Fluid Dynamics:

Fluid Dynamics

  • Char conversion for oxyfuel in CFD calculations

    Char conversion for oxyfuel in CFD calculations

    Supervisor: Professor Mohamed Pourkashanian, Professor Lin Ma, Professor Derek B Ingham and Dr Alastair G Clement

    The heterogeneous combustion of solid fuel particles is a complex process.  Under oxyfuel conditions for CCS, where fuel is burned in the presence of high concentrations of carbon dioxide and water vapour, this process is more difficult to model due to these gas species competing to react with the carbon surface.  Traditionally, simplified models have been used in CFD calculations to approximate this combustion behaviour, however with more powerful computing resources available, it is now possible to significantly increase the fidelity of models describing reactive particles.  Research work is required to develop and validate these high fidelity methods for practical combustion systems of conventional and oxyfuel fired conditions, to evaluate the impact of these treatments, potentially improving the modelling capability for solid fuel combustion, which will help drive improvements to the efficiency and performance of such systems, providing improvements for future clean combustion systems.

    For further information please contact Professor Derek B Ingham on d.ingham@sheffield.ac.uk

  • Char conversion for oxyfuel in CFD calculations

    Particle motion and combustion in turbulent flows

    Supervisor: Professor Mohamed Pourkashanian, Professor Lin Ma, Professor Derek B Ingham and Dr Alastair G Clements

    The simulation of solid fuel combustion systems relies on the resolution of particle trajectories within the fluid domain.  The widely used RANS approach to solving the fluid properties of a turbulent flow only resolves time-averaged quantities, which are not representative of the forces applied to the particle trajectories.  Modelling investigations are required to improve methods that apply turbulent fluctuations in the velocity field to the particle motion, as well as methods to resolve gas species concentrations on the heterogeneous reactions of combusting particles, and can be applied to CFD calculations of combustion facilities.

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  • Char conversion for oxyfuel in CFD calculations

    Radiative transfer for biomass particles

    Supervisor: Professor Mohamed Pourkashanian, Professor Lin Ma, Professor Derek B Ingham and Dr Alastair G Clements

     

    The combustion of biomass for energy production is attracting a growing interest academically and industrially as a means to reduce the sector’s impact on climate forcing.  Modelling will play a key role in the design of optimal biomass combustion systems, however there is a need to adapt currently adopted models for solid fuel combustion to take into account the unique challenges that biomass combustion introduces.  Among these is the irregular shapes of biomass particles, which tend to depart significantly from the ideally spherical assumption that is widely adopted.  Studies into investigating the impact of these shape irregularities on radiative transfer to the particle, the dominant mode of heat transfer at combustion temperatures, to better represent the ignition and combustion of biomass.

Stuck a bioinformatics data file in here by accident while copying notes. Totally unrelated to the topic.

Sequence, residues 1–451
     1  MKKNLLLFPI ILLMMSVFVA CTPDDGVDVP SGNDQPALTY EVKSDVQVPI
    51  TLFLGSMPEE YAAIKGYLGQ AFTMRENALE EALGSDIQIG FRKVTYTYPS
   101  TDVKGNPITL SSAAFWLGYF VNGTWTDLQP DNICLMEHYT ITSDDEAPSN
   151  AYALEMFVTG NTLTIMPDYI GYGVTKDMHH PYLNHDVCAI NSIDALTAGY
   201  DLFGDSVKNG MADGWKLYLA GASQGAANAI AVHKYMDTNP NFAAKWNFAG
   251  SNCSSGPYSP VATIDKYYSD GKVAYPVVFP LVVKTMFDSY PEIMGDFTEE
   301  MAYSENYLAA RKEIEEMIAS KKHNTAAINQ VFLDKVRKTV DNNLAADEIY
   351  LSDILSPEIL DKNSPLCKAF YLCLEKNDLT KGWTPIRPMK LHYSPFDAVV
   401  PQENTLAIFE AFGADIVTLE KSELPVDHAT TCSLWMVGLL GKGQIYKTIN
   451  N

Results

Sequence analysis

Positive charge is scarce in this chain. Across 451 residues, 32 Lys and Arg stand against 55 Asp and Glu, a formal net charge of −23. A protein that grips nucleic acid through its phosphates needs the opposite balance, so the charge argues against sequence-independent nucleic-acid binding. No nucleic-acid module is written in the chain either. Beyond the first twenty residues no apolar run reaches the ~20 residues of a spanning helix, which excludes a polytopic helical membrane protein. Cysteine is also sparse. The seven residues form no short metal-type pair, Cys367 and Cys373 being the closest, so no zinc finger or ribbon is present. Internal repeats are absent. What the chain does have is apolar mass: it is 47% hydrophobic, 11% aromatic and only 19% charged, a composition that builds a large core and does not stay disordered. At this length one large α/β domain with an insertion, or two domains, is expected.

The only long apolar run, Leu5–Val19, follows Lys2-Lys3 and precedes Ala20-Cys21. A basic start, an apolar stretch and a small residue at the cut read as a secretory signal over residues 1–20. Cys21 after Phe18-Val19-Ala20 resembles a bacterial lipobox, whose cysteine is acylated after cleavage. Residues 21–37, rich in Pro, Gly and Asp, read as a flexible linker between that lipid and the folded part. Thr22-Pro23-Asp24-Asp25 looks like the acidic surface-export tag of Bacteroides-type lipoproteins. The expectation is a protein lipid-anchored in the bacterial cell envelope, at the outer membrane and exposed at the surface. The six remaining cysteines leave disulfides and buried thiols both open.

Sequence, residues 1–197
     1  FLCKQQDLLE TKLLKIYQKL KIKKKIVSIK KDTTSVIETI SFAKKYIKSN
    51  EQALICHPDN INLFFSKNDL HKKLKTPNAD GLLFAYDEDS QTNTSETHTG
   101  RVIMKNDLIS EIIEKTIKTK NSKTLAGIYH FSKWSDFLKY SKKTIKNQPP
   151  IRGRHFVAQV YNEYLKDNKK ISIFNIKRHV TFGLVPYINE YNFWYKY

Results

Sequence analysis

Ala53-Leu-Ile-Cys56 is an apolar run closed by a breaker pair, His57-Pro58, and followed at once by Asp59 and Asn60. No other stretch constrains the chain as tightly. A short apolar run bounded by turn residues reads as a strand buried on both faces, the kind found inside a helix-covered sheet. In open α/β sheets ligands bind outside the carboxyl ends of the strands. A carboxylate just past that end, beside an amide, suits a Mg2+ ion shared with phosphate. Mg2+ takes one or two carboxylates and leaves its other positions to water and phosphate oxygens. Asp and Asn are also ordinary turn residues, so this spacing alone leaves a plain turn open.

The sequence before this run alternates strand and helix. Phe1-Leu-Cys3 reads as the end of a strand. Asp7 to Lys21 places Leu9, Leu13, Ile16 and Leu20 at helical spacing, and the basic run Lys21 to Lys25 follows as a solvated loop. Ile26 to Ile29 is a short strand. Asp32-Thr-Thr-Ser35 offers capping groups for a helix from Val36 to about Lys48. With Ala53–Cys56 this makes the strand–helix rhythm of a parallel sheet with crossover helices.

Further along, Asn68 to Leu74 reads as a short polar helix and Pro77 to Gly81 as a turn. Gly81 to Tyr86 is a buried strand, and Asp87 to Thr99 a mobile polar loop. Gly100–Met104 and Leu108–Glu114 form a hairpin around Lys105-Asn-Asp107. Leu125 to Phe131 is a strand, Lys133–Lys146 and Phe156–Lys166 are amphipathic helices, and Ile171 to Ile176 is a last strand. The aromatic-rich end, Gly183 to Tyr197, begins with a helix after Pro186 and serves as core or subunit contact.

• Char conversion for oxyfuel in CFD calculations

    Turbulence modelling of combustion using Large Eddie Simulations (LES)

    Supervisor: Professor Mohamed Pourkashanian, Dr Kevin Hughes, Professor Lin Ma and Dr Janos Szuhanszki 

    Computational Fluid Dynamics modelling is a powerful tool that, due to recent advances in computational power, has become useful in aiding the design and development of advanced power generation technologies with significant climate change mitigation potential. Large Eddie Simulations (LES) is an advanced turbulence modelling approach with the potential to more accurately predict the combustion phenomena that drive the heat transfer, pollutant emissions, and fuel burnout of coal, gas and biomass fired power plants. However, development work based on experimental validation is necessary to make the technique more reliable and commercially applicable to the power generation sector.

    The project will characterise the near burner velocity field of a 250 kW test furnace at the Pilot Scale Advanced Capture Technology (PACT) Facilities using a velocity measurement probe.  This experimental data will be used to develop and validate advanced LES modelling approaches as part of a large CFD group focused on energy research.

    The aim will be to improve the existing LES turbulence modelling methods and drive forward the commercialisation of the approach to the power generation sector.

     

  • Char conversion for oxyfuel in CFD calculations

    Particle motion in turbulent flows

    Supervisor: Professor Mohamed Pourkashanian, Professor Lin Ma, Professor Derek B Ingham and Dr Alastair G Clements

     

    The simulation of two-phase dispersed systems often rely on the resolution of particle trajectories within the fluid domain.  The widely used RANS approach to solving the fluid properties of a turbulent flow only resolves time-averaged quantities, which are not representative of the forces applied to the particle trajectories.  Modelling investigations are required to improve methods that apply turbulent fluctuations in the velocity field to the particle motion, as well as methods to resolve gas species concentrations on the heterogeneous reactions that may occur, with these approaches being applicable to CFD calculations of practical facilities.